I flew in late on Saturday night, already acclimatised to the hot weather after the recent UK heatwave. My role this week in Mytilini is to organise costumes for the performance. In theory, it should have been just ‘organising’ as Chris had pulled together most of them from the local Chinese shop, the Women’s Centre and a local tailor. Plus I arrived (bizarrely distinct from my fellow Thomas Cook package holiday-makers) with a suitcase of shawls, scarves and old shirts (a few quick snips to cut off the collar produces a peasant shirt, remove the sleeves and you have a country jerkin). Oh and also (how many times have I seen it on stage as teacher or preacher?) Chris’s black graduation gown.
Perfect. Well not quite perfect, as unfortunately, the costumes from the Women’s Centre were far from production ready, so together with two volunteer English teachers, Pam and Ciara, we set about hand-sewing the soldier’s tabards. I am no seamstress (as my school needlework teacher regularly reminded me), but I am quite good at pulling together easily donned/shed character costumes that will stand the test of a week’s production run.
The costumes are relatively simple – black trousers/skirts and t-shirt (the latter showing Jaime’s fist/circle logo) as a base. Each character then dons a shawl, shirt, scarf, apron, jerkin, tabard or whatever to signify their character. It’s amazing how costumes lift not only the audience’s perception of a play, but also give the performer confidence and the finishing touch to their characterisation. An old peasant man comes to life in a raggedy jerkin, a servant girl is easily recognisable in an apron. With the production mostly spoken in Farsi interspersed with bits of English, it will be important the (predominantly?) English/Greek speaking audience understand who’s who. Predictably, the kids pushed back strongly on wearing the unfashionable trousers (‘no, you can’t wear your designer ripped jeans onstage’), but they soon acquiesced. I’m impressed with the professional attitude they have taken towards the performance – it was a good dress rehearsal run through.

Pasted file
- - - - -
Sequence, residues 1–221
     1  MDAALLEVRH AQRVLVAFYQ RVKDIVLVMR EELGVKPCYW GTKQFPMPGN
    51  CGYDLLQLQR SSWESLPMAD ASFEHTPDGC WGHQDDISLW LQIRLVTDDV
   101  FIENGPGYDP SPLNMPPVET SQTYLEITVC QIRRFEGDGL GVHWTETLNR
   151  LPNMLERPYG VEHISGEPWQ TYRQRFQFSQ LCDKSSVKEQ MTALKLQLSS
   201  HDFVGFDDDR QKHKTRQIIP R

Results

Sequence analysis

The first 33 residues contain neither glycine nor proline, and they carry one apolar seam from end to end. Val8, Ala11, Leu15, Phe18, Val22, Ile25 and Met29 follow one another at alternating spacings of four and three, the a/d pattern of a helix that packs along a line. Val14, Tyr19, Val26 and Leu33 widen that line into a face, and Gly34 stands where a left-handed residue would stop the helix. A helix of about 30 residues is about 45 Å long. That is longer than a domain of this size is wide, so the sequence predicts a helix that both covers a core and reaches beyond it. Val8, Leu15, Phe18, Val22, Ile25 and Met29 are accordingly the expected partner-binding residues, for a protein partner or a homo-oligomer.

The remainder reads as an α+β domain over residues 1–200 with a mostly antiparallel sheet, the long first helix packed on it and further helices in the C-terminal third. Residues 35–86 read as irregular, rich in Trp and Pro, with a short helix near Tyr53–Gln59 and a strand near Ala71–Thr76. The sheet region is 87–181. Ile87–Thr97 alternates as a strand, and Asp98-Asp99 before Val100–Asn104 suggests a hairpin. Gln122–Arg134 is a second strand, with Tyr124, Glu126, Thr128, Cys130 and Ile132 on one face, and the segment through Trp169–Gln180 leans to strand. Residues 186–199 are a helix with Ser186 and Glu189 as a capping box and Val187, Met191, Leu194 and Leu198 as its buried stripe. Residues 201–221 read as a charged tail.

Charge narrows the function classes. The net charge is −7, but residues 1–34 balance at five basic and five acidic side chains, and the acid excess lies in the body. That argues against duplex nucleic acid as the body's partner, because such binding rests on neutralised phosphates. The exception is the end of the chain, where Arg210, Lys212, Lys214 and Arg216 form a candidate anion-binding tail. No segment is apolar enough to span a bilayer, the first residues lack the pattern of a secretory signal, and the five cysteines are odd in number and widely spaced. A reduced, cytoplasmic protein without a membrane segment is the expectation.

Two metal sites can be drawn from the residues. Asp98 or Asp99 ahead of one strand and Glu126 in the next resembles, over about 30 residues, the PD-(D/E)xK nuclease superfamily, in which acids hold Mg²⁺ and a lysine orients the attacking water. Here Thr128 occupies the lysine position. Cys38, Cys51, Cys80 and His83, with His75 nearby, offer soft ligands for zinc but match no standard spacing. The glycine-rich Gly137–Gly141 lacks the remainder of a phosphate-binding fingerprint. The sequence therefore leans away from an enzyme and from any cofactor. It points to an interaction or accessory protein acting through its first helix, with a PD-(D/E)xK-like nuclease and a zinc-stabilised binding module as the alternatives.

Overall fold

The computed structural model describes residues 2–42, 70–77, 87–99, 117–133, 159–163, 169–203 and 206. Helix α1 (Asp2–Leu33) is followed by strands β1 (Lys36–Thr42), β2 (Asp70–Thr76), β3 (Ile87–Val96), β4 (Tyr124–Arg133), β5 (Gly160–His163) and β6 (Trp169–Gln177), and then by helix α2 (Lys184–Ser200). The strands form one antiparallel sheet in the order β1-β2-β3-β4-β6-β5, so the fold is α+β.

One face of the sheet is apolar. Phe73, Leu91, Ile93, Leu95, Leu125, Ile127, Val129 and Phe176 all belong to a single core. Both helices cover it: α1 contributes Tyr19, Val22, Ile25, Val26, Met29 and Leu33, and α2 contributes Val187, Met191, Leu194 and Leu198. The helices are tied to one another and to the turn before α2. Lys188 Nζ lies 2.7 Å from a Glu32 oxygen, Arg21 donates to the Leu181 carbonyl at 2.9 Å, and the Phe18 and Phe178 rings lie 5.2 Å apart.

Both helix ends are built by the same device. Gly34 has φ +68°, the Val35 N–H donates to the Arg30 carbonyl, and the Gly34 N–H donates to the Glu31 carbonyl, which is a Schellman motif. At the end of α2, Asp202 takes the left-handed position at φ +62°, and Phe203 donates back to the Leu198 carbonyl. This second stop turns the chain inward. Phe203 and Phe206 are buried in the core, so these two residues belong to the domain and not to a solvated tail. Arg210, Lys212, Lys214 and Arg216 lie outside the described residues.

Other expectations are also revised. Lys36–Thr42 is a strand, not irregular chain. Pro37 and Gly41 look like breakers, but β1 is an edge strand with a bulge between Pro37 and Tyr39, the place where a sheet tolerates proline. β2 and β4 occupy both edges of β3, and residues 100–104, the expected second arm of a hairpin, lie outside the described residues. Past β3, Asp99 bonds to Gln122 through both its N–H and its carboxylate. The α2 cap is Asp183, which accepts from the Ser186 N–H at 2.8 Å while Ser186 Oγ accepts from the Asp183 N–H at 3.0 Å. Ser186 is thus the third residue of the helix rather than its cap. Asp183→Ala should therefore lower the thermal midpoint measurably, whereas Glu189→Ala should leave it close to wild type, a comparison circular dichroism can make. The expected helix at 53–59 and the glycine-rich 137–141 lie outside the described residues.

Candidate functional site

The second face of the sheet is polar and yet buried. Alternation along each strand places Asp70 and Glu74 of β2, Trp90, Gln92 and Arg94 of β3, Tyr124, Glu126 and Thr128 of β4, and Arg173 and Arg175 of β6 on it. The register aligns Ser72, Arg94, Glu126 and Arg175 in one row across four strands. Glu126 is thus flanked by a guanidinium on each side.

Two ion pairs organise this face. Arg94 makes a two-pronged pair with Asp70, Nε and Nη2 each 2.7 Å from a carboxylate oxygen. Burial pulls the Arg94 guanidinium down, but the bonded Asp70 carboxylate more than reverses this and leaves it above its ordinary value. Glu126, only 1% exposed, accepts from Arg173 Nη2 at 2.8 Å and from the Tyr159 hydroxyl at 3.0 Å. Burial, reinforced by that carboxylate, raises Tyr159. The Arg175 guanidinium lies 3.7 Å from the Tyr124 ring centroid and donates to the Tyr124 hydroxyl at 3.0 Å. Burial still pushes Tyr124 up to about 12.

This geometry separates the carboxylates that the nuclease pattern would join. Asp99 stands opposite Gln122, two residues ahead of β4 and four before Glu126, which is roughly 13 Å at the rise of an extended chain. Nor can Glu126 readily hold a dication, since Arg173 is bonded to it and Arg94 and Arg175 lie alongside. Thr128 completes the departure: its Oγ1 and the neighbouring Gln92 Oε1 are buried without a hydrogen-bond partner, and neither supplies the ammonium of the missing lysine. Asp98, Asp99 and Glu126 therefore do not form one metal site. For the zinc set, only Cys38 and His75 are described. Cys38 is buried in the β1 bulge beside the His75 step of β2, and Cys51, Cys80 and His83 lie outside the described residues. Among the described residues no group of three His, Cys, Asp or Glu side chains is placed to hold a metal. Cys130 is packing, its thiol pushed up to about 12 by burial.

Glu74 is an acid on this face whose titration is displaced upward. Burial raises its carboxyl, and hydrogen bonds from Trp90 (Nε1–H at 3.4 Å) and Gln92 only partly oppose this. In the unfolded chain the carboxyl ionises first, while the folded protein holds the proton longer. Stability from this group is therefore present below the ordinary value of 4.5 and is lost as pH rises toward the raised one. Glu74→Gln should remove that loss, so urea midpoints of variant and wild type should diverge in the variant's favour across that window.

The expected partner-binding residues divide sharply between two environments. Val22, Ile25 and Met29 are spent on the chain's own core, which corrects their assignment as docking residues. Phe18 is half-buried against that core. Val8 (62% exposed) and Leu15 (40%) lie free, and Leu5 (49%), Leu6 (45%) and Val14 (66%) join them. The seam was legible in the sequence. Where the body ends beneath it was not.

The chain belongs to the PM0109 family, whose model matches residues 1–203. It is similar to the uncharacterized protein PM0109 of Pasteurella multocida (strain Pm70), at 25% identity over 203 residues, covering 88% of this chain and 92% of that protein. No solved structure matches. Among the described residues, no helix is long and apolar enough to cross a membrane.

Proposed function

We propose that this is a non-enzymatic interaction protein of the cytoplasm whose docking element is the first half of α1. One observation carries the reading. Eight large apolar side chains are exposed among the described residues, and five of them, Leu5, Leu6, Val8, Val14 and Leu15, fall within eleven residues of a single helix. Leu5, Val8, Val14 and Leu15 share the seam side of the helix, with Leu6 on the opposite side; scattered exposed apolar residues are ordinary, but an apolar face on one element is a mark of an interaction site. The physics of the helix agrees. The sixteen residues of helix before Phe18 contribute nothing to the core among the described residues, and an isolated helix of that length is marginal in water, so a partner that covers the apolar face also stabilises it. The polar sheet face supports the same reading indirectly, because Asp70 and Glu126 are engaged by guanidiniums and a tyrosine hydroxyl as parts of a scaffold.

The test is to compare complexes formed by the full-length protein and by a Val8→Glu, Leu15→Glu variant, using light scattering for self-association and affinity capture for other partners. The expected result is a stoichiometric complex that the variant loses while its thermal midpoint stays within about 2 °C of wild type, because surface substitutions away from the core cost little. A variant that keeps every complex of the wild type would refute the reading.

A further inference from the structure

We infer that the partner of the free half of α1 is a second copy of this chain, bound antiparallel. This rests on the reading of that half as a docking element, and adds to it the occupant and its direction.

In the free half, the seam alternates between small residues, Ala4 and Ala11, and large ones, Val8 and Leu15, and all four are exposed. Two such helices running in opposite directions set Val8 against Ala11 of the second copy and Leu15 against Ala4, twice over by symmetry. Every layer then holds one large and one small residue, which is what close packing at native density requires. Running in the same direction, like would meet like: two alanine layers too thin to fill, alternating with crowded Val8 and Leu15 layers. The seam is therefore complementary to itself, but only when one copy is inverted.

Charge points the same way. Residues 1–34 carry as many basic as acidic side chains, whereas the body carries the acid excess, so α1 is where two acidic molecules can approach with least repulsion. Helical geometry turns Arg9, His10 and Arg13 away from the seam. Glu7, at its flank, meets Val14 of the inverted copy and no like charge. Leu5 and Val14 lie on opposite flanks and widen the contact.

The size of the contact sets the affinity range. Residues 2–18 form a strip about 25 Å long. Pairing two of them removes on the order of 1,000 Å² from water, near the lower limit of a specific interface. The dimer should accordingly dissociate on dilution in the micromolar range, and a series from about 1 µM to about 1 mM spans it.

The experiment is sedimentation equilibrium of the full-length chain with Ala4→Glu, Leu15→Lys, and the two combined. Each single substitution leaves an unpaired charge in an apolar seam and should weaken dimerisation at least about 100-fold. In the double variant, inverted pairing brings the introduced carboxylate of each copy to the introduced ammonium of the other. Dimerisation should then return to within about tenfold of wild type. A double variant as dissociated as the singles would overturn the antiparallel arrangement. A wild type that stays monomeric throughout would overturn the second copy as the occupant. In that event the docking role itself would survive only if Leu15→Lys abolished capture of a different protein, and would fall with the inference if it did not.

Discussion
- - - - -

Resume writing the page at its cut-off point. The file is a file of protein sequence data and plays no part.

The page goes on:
The second run is of a completely different nature. I’m training, along with our eldest Lucy, for the Great North Run (half-marathon) in just over a months’ time. This is a crucial time, building up distance week-by-week, my current target being 14km. Which just happens to be the return distance to the airport along the shore of the Med from the apartment.
Greece wakes up quite late, so early morning in Mytilini is a very different experience to the usual hustle of Ermou or the harbour front. Heading out of town, I spent the first 2km passing a multitude of street cleaners (mostly well-dressed young women, in ordinary day clothes), plus a couple of men strimming weeds growing out of the pavement cracks. Past the marina, taking care over kerbs, around and under trees, I felt the heat as I climbed over the hill to the road along the coast. At regular intervals, there were small groups of people in sleeping bags on the beach or in the back of their cars, hatch-back open for air, their children already up playing on the stony beach or riding their bicycles (I’m guessing possibly Roma people). Plus a handful of fellow joggers, all enjoying the view over the perfectly calm sea.
Both run and run through have provided a very satisfying start to my week in Lesvos. A feeling of achievement and anticipation for myself (running) and for the kids (performing).